Responsibility for analysing and forecasting labour market development lies with the central labour office according to the Act on employment services (5/2004). In initial VET, as stipulated by the VET Act (61/2015), chambers and/or employer representatives, empowered as sectoral assignees (
), should support the central labour office in analysing and forecasting labour market development ( ).
There are two models of macroeconomic forecasting available (
). The supervised by the labour ministry model forecasts additional labour market needs by ISCO ( ) groups. The forecasting data are transformed into estimation of ceilings for each programme and each school, and used for further negotiation on regulation of the inflow of new entrants into secondary schools and secondary programmes.
Furthermore, analyses of job vacancy data from online job portals (
) and information on regional players can also influence decisions of self-governing regions’ heads on VET entrants and, subsequently, graduate supply.
Forecasts have been used by national authorities to enforce stronger regulation of secondary VET in response to employer criticism of secondary school graduate supply. The central labour office regularly presents information to all VET governance players based on forecasting and analysis of registered unemployed data. Self-governing regions and individual schools are also offered data about graduate unemployment rates and their transition to the labour market between September and May. These indicators should inform families and lower secondary students about their chances on the labour market. However, they are only proxies as administrative data on employment of graduates are lacking.
In February 2019, the labour ministry also launched a new portal (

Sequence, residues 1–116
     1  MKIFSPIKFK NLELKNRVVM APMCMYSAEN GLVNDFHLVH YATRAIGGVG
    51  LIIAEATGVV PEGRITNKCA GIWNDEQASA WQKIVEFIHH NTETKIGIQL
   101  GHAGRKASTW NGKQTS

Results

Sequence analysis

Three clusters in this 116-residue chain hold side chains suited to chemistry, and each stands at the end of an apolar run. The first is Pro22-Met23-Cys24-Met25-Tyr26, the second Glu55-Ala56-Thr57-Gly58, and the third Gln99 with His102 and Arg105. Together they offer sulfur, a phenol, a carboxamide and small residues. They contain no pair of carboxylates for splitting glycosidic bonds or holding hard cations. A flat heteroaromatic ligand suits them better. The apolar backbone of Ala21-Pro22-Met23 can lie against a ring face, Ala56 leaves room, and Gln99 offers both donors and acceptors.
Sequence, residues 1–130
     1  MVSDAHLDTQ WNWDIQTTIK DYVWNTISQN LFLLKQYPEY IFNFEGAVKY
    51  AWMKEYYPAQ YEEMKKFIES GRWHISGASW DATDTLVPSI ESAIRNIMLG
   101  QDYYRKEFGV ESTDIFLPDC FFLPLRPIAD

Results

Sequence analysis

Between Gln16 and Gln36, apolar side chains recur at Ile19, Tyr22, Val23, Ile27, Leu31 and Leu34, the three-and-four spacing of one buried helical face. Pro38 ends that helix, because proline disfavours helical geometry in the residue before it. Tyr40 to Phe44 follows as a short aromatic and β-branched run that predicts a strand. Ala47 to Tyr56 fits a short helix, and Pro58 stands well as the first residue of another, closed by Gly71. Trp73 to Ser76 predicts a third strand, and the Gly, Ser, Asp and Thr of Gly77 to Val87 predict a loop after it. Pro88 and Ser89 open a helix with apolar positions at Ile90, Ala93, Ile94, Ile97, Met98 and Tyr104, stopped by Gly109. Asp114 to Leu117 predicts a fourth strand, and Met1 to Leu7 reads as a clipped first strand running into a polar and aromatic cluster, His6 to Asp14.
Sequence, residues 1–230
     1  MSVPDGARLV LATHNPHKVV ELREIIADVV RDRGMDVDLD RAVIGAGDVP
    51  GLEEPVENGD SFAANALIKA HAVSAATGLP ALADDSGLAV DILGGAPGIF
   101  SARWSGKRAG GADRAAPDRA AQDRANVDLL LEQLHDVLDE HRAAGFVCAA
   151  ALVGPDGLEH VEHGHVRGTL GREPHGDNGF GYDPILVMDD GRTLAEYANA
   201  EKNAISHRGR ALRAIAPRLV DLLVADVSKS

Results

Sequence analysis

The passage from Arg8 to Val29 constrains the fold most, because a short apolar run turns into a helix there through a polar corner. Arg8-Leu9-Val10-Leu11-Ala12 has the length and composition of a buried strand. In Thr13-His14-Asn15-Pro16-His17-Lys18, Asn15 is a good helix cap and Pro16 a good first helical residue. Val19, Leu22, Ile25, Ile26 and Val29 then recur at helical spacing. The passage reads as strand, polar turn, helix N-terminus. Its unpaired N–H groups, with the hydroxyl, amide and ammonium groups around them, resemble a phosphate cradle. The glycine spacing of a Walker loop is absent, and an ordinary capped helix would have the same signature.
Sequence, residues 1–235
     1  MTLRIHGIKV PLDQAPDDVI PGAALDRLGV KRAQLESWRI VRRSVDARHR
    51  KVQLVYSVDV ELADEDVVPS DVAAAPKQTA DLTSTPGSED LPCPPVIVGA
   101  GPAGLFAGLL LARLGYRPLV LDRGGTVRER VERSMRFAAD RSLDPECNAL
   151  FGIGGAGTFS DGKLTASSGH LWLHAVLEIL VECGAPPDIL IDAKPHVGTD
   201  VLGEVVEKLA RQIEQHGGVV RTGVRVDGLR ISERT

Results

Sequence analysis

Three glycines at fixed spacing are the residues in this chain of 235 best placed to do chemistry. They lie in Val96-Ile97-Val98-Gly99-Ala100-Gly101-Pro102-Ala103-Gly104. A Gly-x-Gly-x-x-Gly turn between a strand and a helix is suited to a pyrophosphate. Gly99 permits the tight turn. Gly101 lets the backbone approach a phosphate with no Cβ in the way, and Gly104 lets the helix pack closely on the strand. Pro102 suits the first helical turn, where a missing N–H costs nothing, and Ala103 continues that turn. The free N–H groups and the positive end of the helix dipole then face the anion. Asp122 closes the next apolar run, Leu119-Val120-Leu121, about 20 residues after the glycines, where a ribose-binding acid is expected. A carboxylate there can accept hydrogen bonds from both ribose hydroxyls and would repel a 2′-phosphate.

) to offer detailed data on graduates of respective programmes (average wages, employment and unemployment rates, and estimation of prospects) regionally and nationally. It is expected that these data will inform students, education counsellors and career guidance counsellors about prospects of respective professions and fields of study.
Additionally, new lists of jobs have been developed by the labour ministry to indicate professions lacking labour force in all eight regions in Slovakia (
). This also indicates what kind of graduates from secondary VET and what kind of labour market training for the unemployed is needed.
About 150 jobs were identified in total nationwide. In districts with very low unemployment, short-track procedures for employment of foreign labour force in relevant professions have been introduced.
Occupations requirement in main sectors until 2020
NB: ISCO-08 categories; Statistical Classification of Economic Activities in the European Community (NACE Rev.2) sectors in the legend.
Source: Central Office of Labour, Social Affairs and Family, 2015, based on Trexima Ltd. data.
The most significant employment growth is forecasted in manufacturing and wholesale and retail trade, repair of motor vehicles and motorcycles sectors, and in the education sector.
See also Cedefop’s skills forecast (
) and European Skills Index ( ).